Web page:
Anxiety Is Overcome by Gratitude

Anxiety Is Overcome by Gratitude

By: 
Joyce Landers, Province IV Representative, UTO Board

Joyce Landers UTO“Anxiety is overcome by gratitude.” A friend shared this quote on Facebook one day and I liked it. I shared with several friends but soon forgot about it. I didn’t even really think that hard about it. It is something we all do – share the wise words and then forget them. Several weeks later, I was given a powerful example of the meaning of this statement.

I live in the small town of Troy, located in south Alabama. I work in an office located at a busy intersection with Highway 231, which is one of the main roads people take to travel to most of Florida. Hurricane Irma was just two days away from hitting. My coworker, Amanda, went home during her lunch break. Driving back, she waited for the traffic light so she could proceed across the highway and come back to work. She was within about 30 yards of the office. An officer was standing in the intersection and directed her to turn right. She indicated she needed to go straight and he waved his head no and motioned for her to turn right. Now she was driving south, out of town, and away from the office. Amanda turned into the parking lot of a home improvement store, thinking she could turn around and come back at the light. There were about five or six cars in front of her. After some time had elapsed, she realized the light was not going to change. The car in front was stubbornly waiting for the light to turn green despite drivers honking their horns at her. Amanda was now 15 minutes late for work and trapped between cars, not able go anywhere.

She called me to let me know what was happening. Amanda is a fairly emotional person; she gets especially upset when faced with unexpected challenges. Predictably, she was ranting. By now, she had surmised that the lights were changed to facilitate the evacuees from Florida. “I understand that thousands of people are trying to get through Troy, but there ARE people who live here. Are we supposed to stay at home and not go anywhere? Why didn’t they post signs so that motorists could make better plans? How are we supposed to get to work or pick up children from school? I am trapped and late for work!” She was upset about losing time at work, which was costing money. She was upset that I was stuck handling the work in our department alone. I assured her that I possessed superhuman powers and could handle the work on my own for a short time. She then cut the call short because someone had gotten out of a car to tell the person at the front of the line to drive.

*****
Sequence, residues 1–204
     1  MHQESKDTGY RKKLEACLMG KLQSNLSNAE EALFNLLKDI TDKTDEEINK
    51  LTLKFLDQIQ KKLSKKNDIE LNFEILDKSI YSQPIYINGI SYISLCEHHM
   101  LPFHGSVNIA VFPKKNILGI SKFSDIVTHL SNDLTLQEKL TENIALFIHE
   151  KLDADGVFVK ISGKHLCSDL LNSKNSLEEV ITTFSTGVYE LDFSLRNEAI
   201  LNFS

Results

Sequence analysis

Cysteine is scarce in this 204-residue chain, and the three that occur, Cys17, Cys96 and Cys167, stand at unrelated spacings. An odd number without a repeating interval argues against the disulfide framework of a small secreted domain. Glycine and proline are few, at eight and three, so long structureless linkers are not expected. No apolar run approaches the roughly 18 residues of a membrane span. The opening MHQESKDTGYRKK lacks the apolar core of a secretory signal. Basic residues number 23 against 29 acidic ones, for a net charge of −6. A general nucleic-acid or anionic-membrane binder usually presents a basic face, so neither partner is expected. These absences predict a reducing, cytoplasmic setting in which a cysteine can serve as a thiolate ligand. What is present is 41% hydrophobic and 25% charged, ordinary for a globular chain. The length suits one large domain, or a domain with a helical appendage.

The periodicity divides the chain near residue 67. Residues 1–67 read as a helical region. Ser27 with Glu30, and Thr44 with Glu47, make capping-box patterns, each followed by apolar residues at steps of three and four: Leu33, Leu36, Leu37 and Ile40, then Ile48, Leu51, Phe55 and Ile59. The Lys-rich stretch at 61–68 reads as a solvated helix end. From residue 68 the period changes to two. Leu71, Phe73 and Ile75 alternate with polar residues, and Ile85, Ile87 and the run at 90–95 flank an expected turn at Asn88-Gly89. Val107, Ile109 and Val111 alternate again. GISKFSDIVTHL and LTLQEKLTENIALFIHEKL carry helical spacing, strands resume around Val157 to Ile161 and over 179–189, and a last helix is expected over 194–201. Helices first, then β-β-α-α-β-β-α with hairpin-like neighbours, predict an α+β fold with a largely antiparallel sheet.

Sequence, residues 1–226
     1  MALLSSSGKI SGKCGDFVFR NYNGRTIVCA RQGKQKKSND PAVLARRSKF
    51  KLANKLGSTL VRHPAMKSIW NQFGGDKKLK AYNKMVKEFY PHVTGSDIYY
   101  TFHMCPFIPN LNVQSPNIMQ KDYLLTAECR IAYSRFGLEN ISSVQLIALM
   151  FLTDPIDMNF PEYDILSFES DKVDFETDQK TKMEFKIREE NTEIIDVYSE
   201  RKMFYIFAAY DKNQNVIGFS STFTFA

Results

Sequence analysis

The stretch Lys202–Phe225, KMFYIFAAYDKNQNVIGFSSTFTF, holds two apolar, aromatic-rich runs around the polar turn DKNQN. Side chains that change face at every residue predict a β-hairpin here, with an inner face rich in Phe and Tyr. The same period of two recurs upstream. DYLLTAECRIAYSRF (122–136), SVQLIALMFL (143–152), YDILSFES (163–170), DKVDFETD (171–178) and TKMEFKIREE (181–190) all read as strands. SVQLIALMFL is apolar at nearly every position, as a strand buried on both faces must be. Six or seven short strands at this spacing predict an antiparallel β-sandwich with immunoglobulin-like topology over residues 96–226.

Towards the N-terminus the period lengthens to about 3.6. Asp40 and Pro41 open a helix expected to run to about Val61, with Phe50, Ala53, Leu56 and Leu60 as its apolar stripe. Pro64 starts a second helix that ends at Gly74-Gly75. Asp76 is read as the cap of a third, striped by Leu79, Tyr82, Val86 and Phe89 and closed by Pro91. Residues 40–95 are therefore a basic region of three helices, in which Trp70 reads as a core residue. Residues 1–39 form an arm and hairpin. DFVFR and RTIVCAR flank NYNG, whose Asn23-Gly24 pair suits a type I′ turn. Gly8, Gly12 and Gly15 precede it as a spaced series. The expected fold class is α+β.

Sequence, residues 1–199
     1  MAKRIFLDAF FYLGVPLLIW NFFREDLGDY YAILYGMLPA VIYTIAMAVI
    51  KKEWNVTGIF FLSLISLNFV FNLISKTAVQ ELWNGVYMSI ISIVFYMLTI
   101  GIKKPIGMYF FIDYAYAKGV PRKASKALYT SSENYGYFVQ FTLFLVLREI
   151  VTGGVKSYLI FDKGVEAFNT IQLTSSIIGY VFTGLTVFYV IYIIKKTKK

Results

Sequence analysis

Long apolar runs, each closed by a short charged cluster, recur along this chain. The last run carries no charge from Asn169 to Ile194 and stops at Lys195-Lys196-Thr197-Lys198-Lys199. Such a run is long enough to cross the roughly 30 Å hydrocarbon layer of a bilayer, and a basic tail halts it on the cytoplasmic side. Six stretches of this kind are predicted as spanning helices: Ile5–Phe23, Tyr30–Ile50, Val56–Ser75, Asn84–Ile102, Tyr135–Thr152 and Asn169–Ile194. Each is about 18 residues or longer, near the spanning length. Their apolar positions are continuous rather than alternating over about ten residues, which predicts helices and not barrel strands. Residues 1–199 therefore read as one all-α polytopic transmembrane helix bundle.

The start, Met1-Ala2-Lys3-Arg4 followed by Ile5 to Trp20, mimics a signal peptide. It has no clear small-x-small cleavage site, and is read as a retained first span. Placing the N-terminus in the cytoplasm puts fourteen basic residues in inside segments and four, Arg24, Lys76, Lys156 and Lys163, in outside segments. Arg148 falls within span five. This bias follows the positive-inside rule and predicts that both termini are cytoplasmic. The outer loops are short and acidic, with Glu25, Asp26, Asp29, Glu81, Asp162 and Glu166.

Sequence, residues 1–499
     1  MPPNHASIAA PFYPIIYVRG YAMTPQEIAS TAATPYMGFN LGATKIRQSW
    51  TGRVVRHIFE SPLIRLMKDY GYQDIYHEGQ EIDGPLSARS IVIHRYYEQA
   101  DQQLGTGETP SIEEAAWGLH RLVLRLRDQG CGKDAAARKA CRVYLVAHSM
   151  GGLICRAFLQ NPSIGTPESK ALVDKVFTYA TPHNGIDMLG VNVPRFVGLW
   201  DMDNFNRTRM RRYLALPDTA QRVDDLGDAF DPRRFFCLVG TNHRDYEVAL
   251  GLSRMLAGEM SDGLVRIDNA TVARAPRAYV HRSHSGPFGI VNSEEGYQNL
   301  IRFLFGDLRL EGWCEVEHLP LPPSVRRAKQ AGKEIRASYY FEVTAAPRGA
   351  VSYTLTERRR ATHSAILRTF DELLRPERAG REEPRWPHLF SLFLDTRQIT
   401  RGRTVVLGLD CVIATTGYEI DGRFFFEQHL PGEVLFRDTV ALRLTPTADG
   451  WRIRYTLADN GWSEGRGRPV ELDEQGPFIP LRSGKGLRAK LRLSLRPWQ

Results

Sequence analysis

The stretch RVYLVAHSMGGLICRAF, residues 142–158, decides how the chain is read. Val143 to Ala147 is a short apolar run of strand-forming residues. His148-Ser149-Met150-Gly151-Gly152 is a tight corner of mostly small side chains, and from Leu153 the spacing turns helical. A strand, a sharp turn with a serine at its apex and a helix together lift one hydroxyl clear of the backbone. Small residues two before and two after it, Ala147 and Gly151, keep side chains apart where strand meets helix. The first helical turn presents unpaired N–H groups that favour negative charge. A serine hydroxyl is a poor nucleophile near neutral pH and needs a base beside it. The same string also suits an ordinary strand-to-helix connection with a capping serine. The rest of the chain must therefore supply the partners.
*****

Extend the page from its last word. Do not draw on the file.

Amanda finally arrived about 40 minutes late. I was braced for Mount Vesuvius or at least Krakatoa, but she was surprisingly calm. She told me she was finally able to turn right and then found a large enough break in the traffic south of town to turn left onto a county road. This road eventually brought her back into town on the correct side of the highway. During her wait, she began to notice the cars. They all had Florida plates and were filled to the roof with stuff. The cars were most likely filled not only with luggage but also photo albums, computers, and Grandma’s china. It occurred to her that at least a few of the people she saw would soon lose everything they had. Many of them were forced to leave behind beloved pets, hoping and praying for the best. Guilt washed over Amanda. She started praying for each family and then thanked God that she, her family, and their homes were safe.

That afternoon, I found myself drawn to the windows and praying for all the people traveling north. I prayed for the pets. I prayed for safe travels. I prayed for those who chose not to evacuate. When I got home, I thanked God that we were safe and made a contribution to my blue UTO box. I now fully understand that anxiety really is overcome by gratitude.

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